PH leads in use of biotechnology, say experts

By: Ronnel W. Domingo, July 1st, 2013 08:20 PM

International agricultural experts cited the Philippines for being a leader in the promotion of biotechnology in food production as well as for making the list of 18 so-called “mega-countries” that grow genetically modified (GM) or transgenic crops.

These statements were raised Monday at a forum held at the US Embassy in Manila.

According to not-for-profit organization International Service for the Acquisition of Agri-Biotech Applications, the Philippines is 12th out of 28 countries in 2012 that grew GM crops.

The top five GM crop growing countries are the United States, Brazil, Argentina, Canada and India.

The Philippines also made it to the list of 18 mega countries or those with land area of at least 50,000 hectares of biotech crop cultivation.

“GM is the most rapidly adopted technology in the world and the Philippines is at the forefront of (testing and promoting) this,” said Peter J. Davies, international professor of plant biology at Cornell University in New York, who joined the forum via videoconferencing.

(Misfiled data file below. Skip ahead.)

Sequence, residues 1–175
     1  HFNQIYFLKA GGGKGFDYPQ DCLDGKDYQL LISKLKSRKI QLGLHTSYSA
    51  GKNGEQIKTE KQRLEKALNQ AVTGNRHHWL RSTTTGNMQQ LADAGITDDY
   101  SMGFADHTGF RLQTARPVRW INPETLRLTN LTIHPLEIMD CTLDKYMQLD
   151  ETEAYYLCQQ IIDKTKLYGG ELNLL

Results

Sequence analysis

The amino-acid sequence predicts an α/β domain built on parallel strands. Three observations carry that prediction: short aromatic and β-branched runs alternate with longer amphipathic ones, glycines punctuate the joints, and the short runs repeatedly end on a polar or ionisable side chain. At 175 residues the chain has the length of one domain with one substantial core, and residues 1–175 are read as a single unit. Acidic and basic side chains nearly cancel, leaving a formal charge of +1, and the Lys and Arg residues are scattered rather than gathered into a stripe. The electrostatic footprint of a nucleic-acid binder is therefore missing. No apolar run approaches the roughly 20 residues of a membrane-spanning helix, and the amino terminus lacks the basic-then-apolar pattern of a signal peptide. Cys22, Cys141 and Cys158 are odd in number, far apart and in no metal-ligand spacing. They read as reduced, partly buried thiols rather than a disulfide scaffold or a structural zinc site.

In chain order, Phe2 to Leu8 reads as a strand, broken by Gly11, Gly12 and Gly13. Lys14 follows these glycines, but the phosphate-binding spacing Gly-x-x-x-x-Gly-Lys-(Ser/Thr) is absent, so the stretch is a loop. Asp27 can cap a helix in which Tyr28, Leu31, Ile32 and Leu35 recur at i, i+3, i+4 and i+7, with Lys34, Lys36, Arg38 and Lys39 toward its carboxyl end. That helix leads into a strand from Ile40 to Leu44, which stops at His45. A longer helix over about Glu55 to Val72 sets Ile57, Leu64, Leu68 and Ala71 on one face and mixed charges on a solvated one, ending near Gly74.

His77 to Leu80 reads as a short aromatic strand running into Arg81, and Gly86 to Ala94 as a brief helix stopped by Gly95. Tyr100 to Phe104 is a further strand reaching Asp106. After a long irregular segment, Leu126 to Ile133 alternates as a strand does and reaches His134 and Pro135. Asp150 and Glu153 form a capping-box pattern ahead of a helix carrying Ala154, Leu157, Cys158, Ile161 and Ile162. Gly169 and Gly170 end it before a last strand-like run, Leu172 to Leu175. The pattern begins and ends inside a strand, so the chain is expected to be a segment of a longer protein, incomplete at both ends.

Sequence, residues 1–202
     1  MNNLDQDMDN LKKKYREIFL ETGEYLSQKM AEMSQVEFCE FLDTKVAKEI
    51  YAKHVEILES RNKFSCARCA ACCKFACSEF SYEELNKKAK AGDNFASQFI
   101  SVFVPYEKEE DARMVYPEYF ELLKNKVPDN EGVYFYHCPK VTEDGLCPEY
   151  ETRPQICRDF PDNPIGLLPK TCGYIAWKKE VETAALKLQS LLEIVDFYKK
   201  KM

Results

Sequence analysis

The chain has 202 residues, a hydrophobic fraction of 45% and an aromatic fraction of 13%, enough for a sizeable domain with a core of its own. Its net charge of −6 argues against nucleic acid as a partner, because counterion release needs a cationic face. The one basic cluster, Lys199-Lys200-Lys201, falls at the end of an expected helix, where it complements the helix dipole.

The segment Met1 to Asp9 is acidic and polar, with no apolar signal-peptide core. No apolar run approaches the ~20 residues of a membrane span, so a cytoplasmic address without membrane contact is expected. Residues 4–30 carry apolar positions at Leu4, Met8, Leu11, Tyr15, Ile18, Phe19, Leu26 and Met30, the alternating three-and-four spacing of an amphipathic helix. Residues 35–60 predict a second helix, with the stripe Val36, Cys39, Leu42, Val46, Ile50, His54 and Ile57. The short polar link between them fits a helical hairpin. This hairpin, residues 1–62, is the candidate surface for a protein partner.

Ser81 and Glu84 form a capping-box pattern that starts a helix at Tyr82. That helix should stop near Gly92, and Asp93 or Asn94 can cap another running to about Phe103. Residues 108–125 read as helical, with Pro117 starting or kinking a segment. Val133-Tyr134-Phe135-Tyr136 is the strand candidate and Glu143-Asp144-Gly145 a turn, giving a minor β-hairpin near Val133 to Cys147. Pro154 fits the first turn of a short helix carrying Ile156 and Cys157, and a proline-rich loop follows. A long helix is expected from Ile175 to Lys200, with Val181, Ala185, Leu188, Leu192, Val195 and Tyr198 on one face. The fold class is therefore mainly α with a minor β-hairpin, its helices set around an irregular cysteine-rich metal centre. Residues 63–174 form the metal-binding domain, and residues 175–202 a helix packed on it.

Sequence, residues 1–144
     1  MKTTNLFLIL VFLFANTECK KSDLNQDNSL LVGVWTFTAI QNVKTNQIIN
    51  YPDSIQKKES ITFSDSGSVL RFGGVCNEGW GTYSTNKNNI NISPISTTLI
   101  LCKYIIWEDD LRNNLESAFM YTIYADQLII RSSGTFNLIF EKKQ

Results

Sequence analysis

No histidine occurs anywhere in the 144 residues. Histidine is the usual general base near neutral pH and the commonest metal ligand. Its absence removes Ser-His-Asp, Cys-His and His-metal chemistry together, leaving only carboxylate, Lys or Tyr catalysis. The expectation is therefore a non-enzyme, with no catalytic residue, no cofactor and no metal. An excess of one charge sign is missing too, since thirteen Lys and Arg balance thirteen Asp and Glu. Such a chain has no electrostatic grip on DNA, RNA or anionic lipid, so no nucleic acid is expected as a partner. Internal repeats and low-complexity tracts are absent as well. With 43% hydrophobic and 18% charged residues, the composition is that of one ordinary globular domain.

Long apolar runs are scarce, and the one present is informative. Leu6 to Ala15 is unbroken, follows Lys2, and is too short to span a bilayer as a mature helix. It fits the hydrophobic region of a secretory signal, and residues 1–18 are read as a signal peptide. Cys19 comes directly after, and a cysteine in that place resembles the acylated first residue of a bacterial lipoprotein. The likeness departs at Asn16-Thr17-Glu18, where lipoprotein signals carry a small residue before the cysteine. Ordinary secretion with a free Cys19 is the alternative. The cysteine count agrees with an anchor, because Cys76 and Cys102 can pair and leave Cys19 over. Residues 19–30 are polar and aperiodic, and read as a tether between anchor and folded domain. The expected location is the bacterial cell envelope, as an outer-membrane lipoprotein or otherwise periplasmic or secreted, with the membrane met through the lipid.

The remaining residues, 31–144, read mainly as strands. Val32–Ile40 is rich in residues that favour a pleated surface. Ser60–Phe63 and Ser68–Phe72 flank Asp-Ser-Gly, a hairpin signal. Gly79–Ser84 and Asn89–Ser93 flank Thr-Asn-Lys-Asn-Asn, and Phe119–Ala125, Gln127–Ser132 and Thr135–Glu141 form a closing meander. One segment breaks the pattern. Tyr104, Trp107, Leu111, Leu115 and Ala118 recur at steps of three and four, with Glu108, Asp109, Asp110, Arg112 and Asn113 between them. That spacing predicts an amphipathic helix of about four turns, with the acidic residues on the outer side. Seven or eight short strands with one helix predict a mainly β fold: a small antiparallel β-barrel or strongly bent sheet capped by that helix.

Davies also downplayed concerns that biotech crops are harmful and not fit for consumption.

A fact sheet issued by the US Department of Agriculture said that “the benefits of biotech corn to Filipino farmer’s livelihood, income and health have been well documented.”

According to the USDA, adoption of transgenic corn among Filipino growers has reached a record 375,000 farmers in 2012.

“The Philippines is a leader in international biotech research,” the USDA said. “Its robust and thorough regulatory system has been praised as a model for other countries.”

Reynaldo V. Ebora, director of the National Institute of Molecular Biology and Biotechnology at the University of the Philippines in Los Baños, cited various studies that say the cultivation of biotech crops could mean an additional income of up to P10,132 per hectare or an improvement of up to 75 percent.

Even then, the Court of Appeals has stopped field trials on GM corn—the so-called Bt (for Bacillus thuringiensis) corn.

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